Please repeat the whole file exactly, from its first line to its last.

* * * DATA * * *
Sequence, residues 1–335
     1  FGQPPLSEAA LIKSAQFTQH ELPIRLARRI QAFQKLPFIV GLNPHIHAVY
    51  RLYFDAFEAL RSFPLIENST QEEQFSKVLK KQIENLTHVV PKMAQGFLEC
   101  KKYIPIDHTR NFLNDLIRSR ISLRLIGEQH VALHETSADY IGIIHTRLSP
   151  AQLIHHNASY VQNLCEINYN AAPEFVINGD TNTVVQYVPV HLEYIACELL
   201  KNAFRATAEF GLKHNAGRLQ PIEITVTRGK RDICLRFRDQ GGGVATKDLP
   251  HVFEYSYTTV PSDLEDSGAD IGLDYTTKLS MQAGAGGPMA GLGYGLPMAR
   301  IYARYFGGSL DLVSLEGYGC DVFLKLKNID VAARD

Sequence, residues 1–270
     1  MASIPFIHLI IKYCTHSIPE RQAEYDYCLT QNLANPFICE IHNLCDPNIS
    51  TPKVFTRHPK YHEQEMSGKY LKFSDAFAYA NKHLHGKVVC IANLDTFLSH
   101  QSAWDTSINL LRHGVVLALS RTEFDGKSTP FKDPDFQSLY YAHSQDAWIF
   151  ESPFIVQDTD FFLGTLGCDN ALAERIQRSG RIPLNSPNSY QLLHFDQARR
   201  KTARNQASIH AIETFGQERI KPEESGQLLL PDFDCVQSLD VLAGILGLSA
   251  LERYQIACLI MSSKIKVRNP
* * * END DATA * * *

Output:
Sequence, residues 1–335
     1  FGQPPLSEAA LIKSAQFTQH ELPIRLARRI QAFQKLPFIV GLNPHIHAVY
    51  RLYFDAFEAL RSFPLIENST QEEQFSKVLK KQIENLTHVV PKMAQGFLEC
   101  KKYIPIDHTR NFLNDLIRSR ISLRLIGEQH VALHETSADY IGIIHTRLSP
   151  AQLIHHNASY VQNLCEINYN AAPEFVINGD TNTVVQYVPV HLEYIACELL
   201  KNAFRATAEF GLKHNAGRLQ PIEITVTRGK RDICLRFRDQ GGGVATKDLP
   251  HVFEYSYTTV PSDLEDSGAD IGLDYTTKLS MQAGAGGPMA GLGYGLPMAR
   301  IYARYFGGSL DLVSLEGYGC DVFLKLKNID VAARD

Sequence, residues 1–270
     1  MASIPFIHLI IKYCTHSIPE RQAEYDYCLT QNLANPFICE IHNLCDPNIS
    51  TPKVFTRHPK YHEQEMSGKY LKFSDAFAYA NKHLHGKVVC IANLDTFLSH
   101  QSAWDTSINL LRHGVVLALS RTEFDGKSTP FKDPDFQSLY YAHSQDAWIF
   151  ESPFIVQDTD FFLGTLGCDN ALAERIQRSG RIPLNSPNSY QLLHFDQARR
   201  KTARNQASIH AIETFGQERI KPEESGQLLL PDFDCVQSLD VLAGILGLSA
   251  LERYQIACLI MSSKIKVRNP